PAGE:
Tuesday, June 13, 2006


The House Is Tumbling Down

This is my reply to the second part of the Discovery Institute's response to the New England Journal of Medicine article, "Intelligent Judging -- Evolution in the Classroom and the Courtroom" by George J. Annas. My reply to the first part: "New England Journal of Medicine Traipses Into the Kitzmiller Decision (Part I)" can be found here.

The second part of Casey Luskin's response to Mr. Annas' article is more of the same, though perhaps even more disingenuous, if possible.

Luskin starts off Part II with more whining about the findings of fact that the Judge reached after reviewing massive amounts of evidence. He points to an article by Michael Behe, after the fact, and one by Luskin himself as "rebuttal" to the decision. Behe had his chance to testify cogently in the first place and, if he failed (and he did in the opinion of most knowledgeable people outside, perhaps, ID and astrological circles), that is hardly the Judge's fault. And if Luskin thinks he could have done better on the stand, where was he and Dembski and Meyer and Wells when the trial was proceeding? If they want to dispute the result the Court reached, let them make their case under cross examination like any other witness. Of course, it is going on two decades now since they first searched-and-replaced God with the Designer without any sign of their being able to make a case good enough even for a high school curriculum, so there is no reason for anyone to hold their breath.

Luskin objects to even bringing up the fact that ID has failed to gain acceptance in the scientific community (though he does not deny that is the case). Instead, he tries to argue that such a fact is, in effect, unimportant. He bases that on the Supreme Court case of Daubert v. Merrell Dow Pharmaceuticals, 509 U.S. 579 (1993), which he quotes to the effect that nothing in the Federal Rules of Evidence establishes "general acceptance in the scientific community" as an absolute prerequisite to admissibility in Federal court trials. He also cites to a Amici Curiae (friend of the court) Brief submitted in Daubert that was signed, among others, by Stephen Jay Gould. That Brief argued against "orthodoxy" as a test for admission of scientific evidence. Despite the fact that both the decision and the Brief are on the web, Luskin does not give links to them, for reasons I'll leave to the imagination of the reader. The Daubert case can be found here and the Brief is here.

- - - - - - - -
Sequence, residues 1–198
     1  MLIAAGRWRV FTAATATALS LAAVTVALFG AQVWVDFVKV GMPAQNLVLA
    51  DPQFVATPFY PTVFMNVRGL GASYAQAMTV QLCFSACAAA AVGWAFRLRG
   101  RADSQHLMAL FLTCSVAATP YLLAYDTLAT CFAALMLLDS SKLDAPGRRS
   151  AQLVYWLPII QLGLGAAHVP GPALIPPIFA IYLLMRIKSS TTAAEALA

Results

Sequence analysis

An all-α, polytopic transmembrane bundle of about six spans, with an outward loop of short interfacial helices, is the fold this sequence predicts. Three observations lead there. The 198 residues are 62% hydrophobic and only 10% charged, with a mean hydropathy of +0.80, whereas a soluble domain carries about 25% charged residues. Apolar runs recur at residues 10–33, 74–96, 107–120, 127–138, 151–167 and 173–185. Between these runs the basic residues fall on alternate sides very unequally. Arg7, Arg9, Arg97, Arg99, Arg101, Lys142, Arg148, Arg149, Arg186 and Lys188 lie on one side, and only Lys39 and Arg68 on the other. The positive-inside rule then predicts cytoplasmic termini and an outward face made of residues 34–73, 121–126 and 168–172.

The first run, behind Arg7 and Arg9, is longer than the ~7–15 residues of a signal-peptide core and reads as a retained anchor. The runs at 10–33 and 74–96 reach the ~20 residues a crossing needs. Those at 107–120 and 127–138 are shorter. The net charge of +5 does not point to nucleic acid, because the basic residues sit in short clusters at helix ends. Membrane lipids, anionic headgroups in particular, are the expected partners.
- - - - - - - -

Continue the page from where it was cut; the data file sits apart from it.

Luskin quotes the following from the Brief:

Judgments based on scientific evidence, whether made in a laboratory or a courtroom, are undermined by a categorical refusal even to consider research or views that contradict someone's notion of the prevailing "consensus" of scientific opinion. . . . Automatically rejecting dissenting views that challenge the conventional wisdom is a dangerous fallacy, for almost every generally accepted view was once deemed eccentric or heretical. Perpetuating the reign of a supposed scientific orthodoxy in this way, whether in a research laboratory or in a courtroom, is profoundly inimical to the search for truth. A categorical refusal even to examine and consider scientific evidence that conflicts with some ill-defined notion of majority opinion is a recipe for error in any forum. . . . The quality of a scientific approach or opinion depends on the strength of its factual premises and on the depth and consistency of its reasoning, not on its appearance in a particular journal or on its popularity among other scientists.
The ellipses are interesting. The first leaves out a single short sentence:

Science progresses as much or more by the replacement of old views as by the gradual accumulation of incremental knowledge.
It seems a strange omission until you remember just what it was that Darwin's theory replaced. Perhaps Luskin felt that the faithful, set to thinking along those lines, might realize that it was ID, in its earlier and more honest manifestation as Natural Theology, that was the dominant view that was displaced by evolutionary theory.